Naked Truth

“Why are you all laughing?” The guide looked around as the group of 9 and 10-year olds congregated before the naked statue. The children giggled again, like Munchkins. She persisted, in a high-pitched voice, with her mouth shaped like she’d just bitten into a lemon. “Mais pourquoi vous riez?”

She explained that Rodin, like many sculptors, had carved nudes in order to portray the power of the human body. “If this statue were clothed,” she said, “you wouldn’t have the same sense of its power, would you?” The childrens’ heads turned side-to-side in a definitive non; they were obliged to agree with her.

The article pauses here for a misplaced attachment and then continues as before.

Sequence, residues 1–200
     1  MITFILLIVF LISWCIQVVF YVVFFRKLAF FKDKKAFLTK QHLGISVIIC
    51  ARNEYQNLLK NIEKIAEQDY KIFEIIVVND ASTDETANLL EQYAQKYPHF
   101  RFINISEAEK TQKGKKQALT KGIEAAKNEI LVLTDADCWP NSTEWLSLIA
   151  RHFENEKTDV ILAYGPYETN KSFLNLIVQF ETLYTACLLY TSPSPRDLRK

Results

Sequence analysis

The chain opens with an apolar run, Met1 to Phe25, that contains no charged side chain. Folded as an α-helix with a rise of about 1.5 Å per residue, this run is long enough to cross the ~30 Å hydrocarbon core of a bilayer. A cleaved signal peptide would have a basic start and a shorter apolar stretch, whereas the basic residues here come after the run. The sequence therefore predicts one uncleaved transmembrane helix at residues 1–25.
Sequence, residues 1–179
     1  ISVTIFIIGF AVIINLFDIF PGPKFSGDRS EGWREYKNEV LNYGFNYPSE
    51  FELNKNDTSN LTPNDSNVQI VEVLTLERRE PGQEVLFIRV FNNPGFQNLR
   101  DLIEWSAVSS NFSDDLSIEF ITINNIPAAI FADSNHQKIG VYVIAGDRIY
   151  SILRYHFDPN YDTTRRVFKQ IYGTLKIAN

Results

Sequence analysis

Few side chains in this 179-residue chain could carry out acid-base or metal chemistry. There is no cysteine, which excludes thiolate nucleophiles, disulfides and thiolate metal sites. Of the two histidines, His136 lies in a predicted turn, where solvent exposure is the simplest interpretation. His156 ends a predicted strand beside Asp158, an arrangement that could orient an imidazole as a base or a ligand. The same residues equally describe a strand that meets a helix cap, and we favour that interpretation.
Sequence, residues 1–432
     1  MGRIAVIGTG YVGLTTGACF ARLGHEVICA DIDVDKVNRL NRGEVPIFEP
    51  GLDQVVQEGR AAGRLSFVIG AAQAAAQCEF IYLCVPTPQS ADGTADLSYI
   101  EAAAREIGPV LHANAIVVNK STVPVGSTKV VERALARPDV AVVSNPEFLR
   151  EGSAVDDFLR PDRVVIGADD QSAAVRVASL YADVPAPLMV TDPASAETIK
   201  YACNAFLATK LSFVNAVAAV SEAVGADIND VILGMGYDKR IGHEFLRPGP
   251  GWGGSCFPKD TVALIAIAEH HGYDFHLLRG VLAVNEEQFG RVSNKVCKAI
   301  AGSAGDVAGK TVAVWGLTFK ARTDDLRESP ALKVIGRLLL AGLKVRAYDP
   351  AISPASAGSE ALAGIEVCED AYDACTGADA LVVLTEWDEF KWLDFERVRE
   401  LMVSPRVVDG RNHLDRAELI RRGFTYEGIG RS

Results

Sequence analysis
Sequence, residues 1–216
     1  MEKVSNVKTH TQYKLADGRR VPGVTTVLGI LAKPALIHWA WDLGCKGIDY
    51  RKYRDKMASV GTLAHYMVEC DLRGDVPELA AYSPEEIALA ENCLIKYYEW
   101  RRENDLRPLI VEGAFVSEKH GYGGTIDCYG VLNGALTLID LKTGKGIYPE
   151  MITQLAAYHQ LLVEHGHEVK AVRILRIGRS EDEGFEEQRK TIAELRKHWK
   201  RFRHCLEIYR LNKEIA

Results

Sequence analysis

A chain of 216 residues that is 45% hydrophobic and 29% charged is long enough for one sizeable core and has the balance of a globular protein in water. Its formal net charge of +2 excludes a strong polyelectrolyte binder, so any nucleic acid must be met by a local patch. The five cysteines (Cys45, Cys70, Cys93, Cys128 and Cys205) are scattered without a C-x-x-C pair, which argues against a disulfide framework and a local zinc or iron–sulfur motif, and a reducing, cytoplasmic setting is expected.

I do appreciate the guide’s attempt to confront the children’s nervous laughter as they stood in front of a nude statue, but her manner was a bit patronizing and served only to fuel it. Couldn’t she remember what it was like to be ten? When body parts were all a big mystery? Or was she born a docent, immediately sensitive to all sophisticated artistic notions and nuances?
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